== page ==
UCT Masters students get a dose of International Tax expertise
The 2019 Masters in International Taxation kicked off in style with Professor Pasquale Pistone and Professor Andrade from the International Bureau of Fiscal Documentation (IBFD) giving the first few days of course input. Part of this input was a highly successful public seminar held on Wednesday 13 February 2019 held in two sessions, each followed by a panel discussion chaired by Emeritus Professor Jennifer Roeleveld. The first session, Dispute resolution in international tax matters (map and arbitration) included presentations by Professor Pistone (global perspective) and Associate Professor Johann Hattingh (SA perspective). The second session, The Digital Economy revisited - Where do we currently stand? included presentations by Professor Betty Andrade (global perspective) and Associate Professor Craig West (African perspective).
The seminar included the presentation of the annual IBFD/UCT Prize in International Tax, awarded to Ashley Olivier for his master’s dissertation (LLM) on An analysis of options for reform of South Africa’s unilateral income tax exemption of foreign pensions, with an emphasis on the cross-border interaction with pensions derived from the United Kingdom and Germany.
Prof Pistone presents the annual IBFD/UCT Prize in International Tax award to Ashley Olivier
The UCT Tax Unit for Fiscal Research, a joint endeavour between the Faculties of Law and Commerce, is celebrating five years of fruitful and mutually beneficial partnership and exchange with the IBFD. In operation since 1938, the IBFD is a self-funded NPO focused on developing and disseminating knowledge about international tax. Prof Pistone points out that the UCT Tax Unit’s reputation is very much on the rise – with two of its academic specialists currently serving as Managing Editor and Chief Editor respectively of the world’s most important journals on tax, namely the World Tax Journal (Associate Professor Craig West) and the Bulletin for International Taxation (Associate Professor Johann Hattingh).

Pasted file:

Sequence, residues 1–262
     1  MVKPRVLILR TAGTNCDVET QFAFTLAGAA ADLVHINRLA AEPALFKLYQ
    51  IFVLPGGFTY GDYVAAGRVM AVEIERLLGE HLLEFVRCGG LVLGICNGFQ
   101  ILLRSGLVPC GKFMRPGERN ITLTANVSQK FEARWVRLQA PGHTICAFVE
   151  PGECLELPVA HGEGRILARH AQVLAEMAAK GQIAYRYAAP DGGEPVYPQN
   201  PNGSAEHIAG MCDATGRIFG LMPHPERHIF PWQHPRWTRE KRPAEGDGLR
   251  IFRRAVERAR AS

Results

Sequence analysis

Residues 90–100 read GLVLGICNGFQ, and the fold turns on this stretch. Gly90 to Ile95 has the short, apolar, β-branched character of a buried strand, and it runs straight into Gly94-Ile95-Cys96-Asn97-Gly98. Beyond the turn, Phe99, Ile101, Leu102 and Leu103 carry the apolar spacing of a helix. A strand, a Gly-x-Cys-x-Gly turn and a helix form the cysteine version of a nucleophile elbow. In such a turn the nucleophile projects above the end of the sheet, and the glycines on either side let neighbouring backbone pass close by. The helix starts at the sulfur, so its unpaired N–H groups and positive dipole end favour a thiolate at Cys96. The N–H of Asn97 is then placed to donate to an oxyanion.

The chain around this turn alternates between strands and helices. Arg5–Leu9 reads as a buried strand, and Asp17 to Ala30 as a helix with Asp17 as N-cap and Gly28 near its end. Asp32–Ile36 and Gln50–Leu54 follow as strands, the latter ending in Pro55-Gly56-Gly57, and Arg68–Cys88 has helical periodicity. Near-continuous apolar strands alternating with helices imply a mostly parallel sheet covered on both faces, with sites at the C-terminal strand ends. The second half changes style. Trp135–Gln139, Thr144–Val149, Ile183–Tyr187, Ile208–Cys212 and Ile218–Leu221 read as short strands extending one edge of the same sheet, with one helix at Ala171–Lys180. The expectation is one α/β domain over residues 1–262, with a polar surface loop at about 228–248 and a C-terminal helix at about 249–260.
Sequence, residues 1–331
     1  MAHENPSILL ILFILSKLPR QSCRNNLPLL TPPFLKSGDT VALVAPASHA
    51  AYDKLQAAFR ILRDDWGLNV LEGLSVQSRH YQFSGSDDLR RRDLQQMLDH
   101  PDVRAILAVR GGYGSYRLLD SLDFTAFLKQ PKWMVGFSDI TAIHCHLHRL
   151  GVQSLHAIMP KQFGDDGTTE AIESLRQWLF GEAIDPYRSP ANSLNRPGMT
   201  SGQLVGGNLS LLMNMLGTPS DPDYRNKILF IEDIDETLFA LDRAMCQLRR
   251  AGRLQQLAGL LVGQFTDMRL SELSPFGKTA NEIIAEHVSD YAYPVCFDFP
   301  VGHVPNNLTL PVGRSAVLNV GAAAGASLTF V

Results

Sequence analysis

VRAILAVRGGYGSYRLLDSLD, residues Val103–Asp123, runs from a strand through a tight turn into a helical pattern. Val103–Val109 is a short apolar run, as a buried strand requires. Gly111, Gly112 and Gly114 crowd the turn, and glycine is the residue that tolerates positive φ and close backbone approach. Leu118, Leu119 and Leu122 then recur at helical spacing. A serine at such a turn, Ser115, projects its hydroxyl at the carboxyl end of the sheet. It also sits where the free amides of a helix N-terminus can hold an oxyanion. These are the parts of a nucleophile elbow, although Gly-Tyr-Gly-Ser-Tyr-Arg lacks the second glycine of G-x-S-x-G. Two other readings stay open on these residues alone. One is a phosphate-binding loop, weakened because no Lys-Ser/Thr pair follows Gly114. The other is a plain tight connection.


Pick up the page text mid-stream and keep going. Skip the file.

It is evident, says Prof Pistone that recent news and global events have increasingly put tax and tax issues into the headlines, and it is becoming ever more critical that tax qualifications at a local level include training in tax issues at an international level. The social implications of tax are increasingly being recognised, along with the implications of the socio-economic impacts of shifts and changes in any country’s tax base. Tax is increasingly understood in the context of nations pursuing policy goals. Non-profits and civil society organisations are thus increasingly challenging governments and multi-nationals about taxation, and the relative positioning of the primary tax burden. Additionally, there is a growing understanding of the implications of corporate tax avoidance on individual taxpayers.
As Academic Chair of IBFD, Prof Pistone has a specific interest in contributing to the development of skills in countries where there may be excellent knowledge of taxation, but limited capacity to implement and administer the mechanisms and infrastructure required to collect tax, from both individuals and corporates. It is critical, says Pistone, that countries not only have robust tax systems but that they have the capacity to use these systems.
The UCT Masters in International Taxation is of particular significance as it is one of the few specialist programmes that incorporate a global dimension along with a local or national perspective. It is the only postgraduate tax law programme in South Africa with international instructors and experts contributing their expertise in international tax. In Prof Pistone’s view, it is essential for a national fiscus to have sustainable rule of law as the framework in which a tax regime is structured – and he sees the programme as an important contribution to understanding tax within the legal framework.